Saturday, July 10, 2004

Weekend Edition: Ernest Shackleton

Journalist Alfred Lansing tells an inspirational tale of patience, courage, and leadership in Endurance: Shackleton's Incredible Voyage.

With the goal of landing on the Antarctic continent and marching coast to coast, Ernest Shackleton led twenty-seven men aboard the ship Endurance in 1914. After battling pack ice for six weeks, the Endurance became permanently stuck in the Weddell Sea, just off the coast of Antarctica, in January 1915.

Incredibly, Shackleton led all of his men back to civilization alive. They faced many life-threatening perils, but the biggest adversaries the men fought were boredom and hopelessness. Faced with ice-laden sea that was impossible to sail through or march upon, Shackleton and his men could do nothing but hunker down on the barren ice, where they camped for well over a year. Finally, when the natural sea currents brought them close enough to land, they took to their life boats for the final amazing chapter of the journey.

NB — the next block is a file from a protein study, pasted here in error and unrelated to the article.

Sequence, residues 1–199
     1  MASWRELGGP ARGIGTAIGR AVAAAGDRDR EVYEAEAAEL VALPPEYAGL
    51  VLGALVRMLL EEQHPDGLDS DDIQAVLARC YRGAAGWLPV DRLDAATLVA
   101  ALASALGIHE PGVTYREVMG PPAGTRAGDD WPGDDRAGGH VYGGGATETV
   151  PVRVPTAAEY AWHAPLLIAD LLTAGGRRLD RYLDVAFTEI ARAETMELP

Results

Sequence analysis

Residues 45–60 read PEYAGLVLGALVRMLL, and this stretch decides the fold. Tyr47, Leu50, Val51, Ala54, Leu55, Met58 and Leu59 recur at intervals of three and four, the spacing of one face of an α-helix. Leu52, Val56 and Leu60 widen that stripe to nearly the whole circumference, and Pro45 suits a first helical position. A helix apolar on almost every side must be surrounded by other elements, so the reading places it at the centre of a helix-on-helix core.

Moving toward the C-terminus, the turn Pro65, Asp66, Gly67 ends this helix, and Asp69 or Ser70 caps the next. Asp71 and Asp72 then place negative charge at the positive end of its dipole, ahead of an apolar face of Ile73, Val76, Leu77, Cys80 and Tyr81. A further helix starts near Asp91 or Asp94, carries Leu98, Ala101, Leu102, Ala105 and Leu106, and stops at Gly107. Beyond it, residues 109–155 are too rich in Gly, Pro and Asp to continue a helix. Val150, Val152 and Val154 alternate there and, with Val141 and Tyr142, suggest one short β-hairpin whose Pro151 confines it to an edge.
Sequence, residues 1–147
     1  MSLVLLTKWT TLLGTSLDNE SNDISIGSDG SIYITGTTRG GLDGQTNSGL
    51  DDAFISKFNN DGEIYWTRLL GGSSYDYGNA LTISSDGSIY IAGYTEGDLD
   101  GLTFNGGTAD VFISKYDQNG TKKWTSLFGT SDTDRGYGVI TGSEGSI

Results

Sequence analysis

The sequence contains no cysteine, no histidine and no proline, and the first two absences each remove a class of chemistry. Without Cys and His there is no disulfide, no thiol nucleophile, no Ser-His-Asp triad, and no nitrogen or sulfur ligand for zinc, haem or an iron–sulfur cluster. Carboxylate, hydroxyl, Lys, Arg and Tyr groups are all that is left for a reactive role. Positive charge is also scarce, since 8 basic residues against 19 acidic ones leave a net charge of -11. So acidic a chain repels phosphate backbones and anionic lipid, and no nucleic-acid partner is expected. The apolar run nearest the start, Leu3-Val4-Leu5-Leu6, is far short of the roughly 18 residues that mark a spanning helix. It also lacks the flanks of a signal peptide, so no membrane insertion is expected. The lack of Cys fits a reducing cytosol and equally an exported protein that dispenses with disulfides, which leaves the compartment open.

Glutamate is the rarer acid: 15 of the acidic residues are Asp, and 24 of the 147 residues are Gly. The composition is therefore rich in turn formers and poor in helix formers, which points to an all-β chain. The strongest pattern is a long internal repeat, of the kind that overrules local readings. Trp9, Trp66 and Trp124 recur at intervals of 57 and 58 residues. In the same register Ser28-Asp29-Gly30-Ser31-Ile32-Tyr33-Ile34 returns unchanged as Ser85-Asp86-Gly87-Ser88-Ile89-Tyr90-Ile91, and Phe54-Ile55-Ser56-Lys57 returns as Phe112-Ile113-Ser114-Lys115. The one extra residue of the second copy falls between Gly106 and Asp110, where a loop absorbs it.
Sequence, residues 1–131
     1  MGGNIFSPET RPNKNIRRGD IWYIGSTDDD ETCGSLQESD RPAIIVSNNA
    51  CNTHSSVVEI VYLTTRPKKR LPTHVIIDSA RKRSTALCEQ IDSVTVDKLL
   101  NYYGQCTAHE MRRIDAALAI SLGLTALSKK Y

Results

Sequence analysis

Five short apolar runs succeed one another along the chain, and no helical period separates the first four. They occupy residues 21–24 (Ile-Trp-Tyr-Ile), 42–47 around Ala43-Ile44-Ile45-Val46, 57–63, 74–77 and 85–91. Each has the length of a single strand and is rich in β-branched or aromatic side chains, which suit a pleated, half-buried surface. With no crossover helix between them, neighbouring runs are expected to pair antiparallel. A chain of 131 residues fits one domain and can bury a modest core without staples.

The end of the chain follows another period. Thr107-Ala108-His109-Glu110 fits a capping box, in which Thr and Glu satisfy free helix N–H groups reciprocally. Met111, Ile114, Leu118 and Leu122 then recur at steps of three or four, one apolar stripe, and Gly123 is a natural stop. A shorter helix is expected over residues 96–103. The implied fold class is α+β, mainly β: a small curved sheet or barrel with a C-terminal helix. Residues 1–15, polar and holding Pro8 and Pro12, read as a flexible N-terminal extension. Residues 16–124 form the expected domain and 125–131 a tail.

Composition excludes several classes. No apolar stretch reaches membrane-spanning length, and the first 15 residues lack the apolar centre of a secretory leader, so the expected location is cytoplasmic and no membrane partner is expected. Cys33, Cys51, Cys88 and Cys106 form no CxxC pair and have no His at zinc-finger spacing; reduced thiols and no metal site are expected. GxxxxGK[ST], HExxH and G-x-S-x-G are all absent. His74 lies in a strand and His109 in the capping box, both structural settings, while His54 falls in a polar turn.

For anyone battling through life transitions, Shackleton's story is good sustenance. During those long months when every option for action was cut off, Shackleton wasted no energy trying to create opportunties that didn't exist. He simply instilled his team with patience and hope. When a real opportunity finally presented itself, Shackleton and his team were more than ready.

I discovered Lansing's book at the library and read it purely for pleasure, but it also relates to organizational effectiveness. The story of Shackleton has recently inspired leadership seminars, notably one offered through Linkage, Inc.

1 comment:

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